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Christopher T.

April 27th, 2014
Student Number: 0004619366
Class Number:

Full  Sail  University  

Graphic  Design  Bachelor  of  Science  Degree  
Program  –  online  

Rachel  Fugate  
Art  History  

Visual Analysis
The oil painting titled, The Sisters is the
subject of this visual analysis. Abbott H.
Thayer created the painting during 1884.
(Brooklyn Museum)i
The style of the
painting appears similar to one of the
Realism period.
The painting is shallowly saturated and
composed of ranges of color mostly close to
brown and green, spanning from as dark as
possible to very light, somewhat away from
white. The two females featured in the
painting form the painting’s subjects. Their
dress is very dark, extending from darkness,
transitioning, forming a shape in front of the
background that becomes lighter in value
along the painting’s height. Their faces and
arms are most accentuated, as being of the
painting’s lightest color values.
painting has a grainy texture and softly
transitioning bands of color. The women
occupy and contrast a balanced area of
positive space against the negative void of
the background.


(Thayer,  1884)

Painting  Title:  
Date  and  Period:  



Abbott  H.  Thayer  
The  Sisters  
1884,  Realism  

The composition of the painting is an
arrangement of its elements; the perceivable layers of the painting are positioned in a
hierarchy of distance. The furthest woman is less exposed to the atmospheric light, and
then the background is even darker. The furthest woman’s face and the nearest woman’s
hands align closely with the rule of thirds. The furthest woman’s hand is extended to
near the left border, while the nearest woman leans slightly in the opposite direction,
presenting a balance of weight. Both women appear to be looking through something,
such as a window or mirror. The women appear to be contemplating what they are
observing. The furthest woman appears to be somewhat consoling.

The painting creates somewhat of a sfumato  effect,  however  rough  strokes  and  bands  
of   color   imply   definite   lines.     This   effect   in   combination   with   the   painting   appearing  
grainy   seems   to   be   inspired   by   photographs.     Images   captured   on   film   can   have   a  
heavy  grain  and  various  visual  artifacts  captured  as  an  effect  of  the  nature  of  light  
and  lenses,  or  film  development  errors  and  imperfections.  
The   notion   of   such   a   photographic-­‐inspired   atmosphere   in   combination   with   the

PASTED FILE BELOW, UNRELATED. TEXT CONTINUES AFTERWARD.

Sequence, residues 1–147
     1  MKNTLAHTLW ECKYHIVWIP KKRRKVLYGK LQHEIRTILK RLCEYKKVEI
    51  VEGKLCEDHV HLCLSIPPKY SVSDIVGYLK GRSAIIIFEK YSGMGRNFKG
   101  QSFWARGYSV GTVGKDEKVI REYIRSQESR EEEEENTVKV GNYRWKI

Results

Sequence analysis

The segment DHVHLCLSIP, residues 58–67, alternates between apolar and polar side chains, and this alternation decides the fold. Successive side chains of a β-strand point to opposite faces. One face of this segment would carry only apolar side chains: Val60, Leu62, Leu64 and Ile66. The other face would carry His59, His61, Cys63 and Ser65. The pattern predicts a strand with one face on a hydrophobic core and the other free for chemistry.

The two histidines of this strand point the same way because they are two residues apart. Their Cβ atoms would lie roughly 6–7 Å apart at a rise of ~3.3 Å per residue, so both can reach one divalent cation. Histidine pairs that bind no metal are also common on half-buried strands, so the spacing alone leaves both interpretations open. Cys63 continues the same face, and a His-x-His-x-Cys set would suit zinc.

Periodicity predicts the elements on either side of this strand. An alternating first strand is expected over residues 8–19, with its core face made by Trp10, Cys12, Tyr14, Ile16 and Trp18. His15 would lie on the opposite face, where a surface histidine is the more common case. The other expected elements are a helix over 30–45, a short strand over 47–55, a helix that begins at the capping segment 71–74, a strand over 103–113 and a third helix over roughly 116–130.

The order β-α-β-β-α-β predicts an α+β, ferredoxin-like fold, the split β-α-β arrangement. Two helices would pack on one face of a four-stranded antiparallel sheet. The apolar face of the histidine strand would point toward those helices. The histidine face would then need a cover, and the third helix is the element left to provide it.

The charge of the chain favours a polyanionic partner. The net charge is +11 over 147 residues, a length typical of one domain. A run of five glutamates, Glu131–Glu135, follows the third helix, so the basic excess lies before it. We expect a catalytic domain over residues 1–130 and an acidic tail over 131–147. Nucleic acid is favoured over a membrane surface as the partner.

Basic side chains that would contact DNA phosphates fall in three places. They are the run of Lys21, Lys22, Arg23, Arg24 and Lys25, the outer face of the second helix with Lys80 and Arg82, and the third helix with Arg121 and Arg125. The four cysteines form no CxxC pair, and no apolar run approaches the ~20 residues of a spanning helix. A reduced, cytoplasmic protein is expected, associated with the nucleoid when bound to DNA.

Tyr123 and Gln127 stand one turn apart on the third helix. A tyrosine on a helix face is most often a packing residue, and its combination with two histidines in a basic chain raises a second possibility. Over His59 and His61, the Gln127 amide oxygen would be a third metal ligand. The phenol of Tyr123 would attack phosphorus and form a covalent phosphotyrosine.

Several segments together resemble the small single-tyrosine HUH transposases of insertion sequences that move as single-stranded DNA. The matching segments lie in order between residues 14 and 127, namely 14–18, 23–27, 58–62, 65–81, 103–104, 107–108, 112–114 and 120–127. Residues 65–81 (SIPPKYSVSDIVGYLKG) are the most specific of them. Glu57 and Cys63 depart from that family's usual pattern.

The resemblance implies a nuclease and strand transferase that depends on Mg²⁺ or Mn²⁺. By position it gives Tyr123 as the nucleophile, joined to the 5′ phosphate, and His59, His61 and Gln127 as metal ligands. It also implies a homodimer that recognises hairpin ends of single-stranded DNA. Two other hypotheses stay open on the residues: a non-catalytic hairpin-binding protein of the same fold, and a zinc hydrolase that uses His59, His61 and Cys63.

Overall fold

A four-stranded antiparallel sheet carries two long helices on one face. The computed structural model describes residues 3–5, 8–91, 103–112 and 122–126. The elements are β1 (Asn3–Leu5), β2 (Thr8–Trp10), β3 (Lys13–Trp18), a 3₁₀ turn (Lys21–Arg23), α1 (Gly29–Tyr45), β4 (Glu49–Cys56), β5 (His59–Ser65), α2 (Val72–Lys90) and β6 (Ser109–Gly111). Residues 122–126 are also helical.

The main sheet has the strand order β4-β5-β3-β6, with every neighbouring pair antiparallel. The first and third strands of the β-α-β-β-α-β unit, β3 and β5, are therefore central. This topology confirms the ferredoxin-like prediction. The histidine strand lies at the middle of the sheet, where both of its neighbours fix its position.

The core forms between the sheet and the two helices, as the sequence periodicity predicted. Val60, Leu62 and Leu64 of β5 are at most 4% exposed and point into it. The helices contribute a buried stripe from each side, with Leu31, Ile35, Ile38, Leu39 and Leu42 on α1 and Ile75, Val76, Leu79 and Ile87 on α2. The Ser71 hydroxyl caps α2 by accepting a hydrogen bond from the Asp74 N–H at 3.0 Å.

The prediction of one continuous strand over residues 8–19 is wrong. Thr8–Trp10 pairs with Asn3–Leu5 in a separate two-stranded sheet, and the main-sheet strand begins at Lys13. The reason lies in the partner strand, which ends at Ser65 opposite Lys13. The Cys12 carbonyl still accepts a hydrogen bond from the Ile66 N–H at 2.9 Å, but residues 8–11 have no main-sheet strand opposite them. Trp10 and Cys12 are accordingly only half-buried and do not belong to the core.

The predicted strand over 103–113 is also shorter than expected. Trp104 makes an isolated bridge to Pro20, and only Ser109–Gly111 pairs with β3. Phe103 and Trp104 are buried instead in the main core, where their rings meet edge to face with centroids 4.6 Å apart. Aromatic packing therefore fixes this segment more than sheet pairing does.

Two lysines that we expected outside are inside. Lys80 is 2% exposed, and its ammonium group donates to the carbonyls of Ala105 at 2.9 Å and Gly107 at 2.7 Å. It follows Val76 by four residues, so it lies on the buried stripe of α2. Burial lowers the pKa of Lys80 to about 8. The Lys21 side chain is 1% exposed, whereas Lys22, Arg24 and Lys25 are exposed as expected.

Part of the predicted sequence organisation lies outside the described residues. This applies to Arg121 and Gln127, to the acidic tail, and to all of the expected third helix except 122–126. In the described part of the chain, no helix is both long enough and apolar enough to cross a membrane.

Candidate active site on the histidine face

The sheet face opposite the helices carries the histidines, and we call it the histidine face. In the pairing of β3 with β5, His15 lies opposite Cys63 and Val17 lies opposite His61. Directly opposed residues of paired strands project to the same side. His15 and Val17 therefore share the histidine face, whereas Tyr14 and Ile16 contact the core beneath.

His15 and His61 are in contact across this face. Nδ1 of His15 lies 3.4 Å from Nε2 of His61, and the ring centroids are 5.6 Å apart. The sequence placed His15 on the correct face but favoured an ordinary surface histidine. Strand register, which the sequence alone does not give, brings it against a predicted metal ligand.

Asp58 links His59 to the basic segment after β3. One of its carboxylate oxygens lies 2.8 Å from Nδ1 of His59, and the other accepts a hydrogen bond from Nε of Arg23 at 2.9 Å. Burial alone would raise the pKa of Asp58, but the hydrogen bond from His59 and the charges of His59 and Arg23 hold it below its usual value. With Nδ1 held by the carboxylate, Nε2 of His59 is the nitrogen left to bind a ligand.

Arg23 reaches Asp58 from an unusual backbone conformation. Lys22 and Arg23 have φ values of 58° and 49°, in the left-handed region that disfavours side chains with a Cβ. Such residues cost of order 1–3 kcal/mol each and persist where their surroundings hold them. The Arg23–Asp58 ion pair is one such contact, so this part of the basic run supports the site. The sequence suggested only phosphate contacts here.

paintings   two   subjects   (similar   appearing   sisters),   the   exact   position   of   the   two  
subjects,   and   the   lighting   scheme   (especially   the   furthest   woman’s   lesser   color  
values)  causes  the  painting  to  appear  as  if  it  could  possible  be  showing  a  woman’s  
reflection   in   a   mirror,   although   it   is   apparently   not.     However,   this   all   gives   the  
painting   an   uncanny   element   for   the   viewer   upon   a   first   or   fleeting   view,   perhaps  
augmented  by  the  painting’s  subjects  possibly  looking  in  a  mirror,  themselves.    All  
these   elements   and   perceptions   of   the   painting   could   be   intentionally   involved  
around  the  concepts  of  two  sisters  having  very  similar  physical  appearances,  them  
looking   at   each   other,   them   looking   in   mirrors,   them   looking   at   each   other   in  
mirrors.    A  whole  concept  of  similar  looking,  related  people,  and  how  they  view  each  
other  and  themselves  is,  for  me,  contained  in  this  artwork.
Examining this painting thoroughly has enhanced my perception of it. Understanding the
concepts of art and art history has allowed me to realize the various attributes and
definable nuances of the artwork, and then communicate such as a visual analysis by
textually articulating the aspects of the painting. Using known and established concepts
to communicate one’s analysis of a visual artwork allows others to understand my
perceptions of the artwork. Also, had I not been prompted to so thoroughly study a
particular painting, I may have never come to my realization about what I perceive the
painting to be actually showing, which could possibly be an intention of the artist,
Thayer. I find the painting to communicate the feelings of its pictured subjects, sisters, as
they view each other, their selves, and their selves in each other, and this concept existing
among the implication of actual physical mirrors. It’s something a bit escaping to
describe, which is why it’s a fine subject to be communicated via a visual image.

Works Cited:

Brooklyn Museum. (n.d.). Collections: American Art: The Sisters. Retrieved April 27,
2014, from Brooklyn Museum:


Thayer, A. H. (1884). Retrieved from Brooklyn Museum: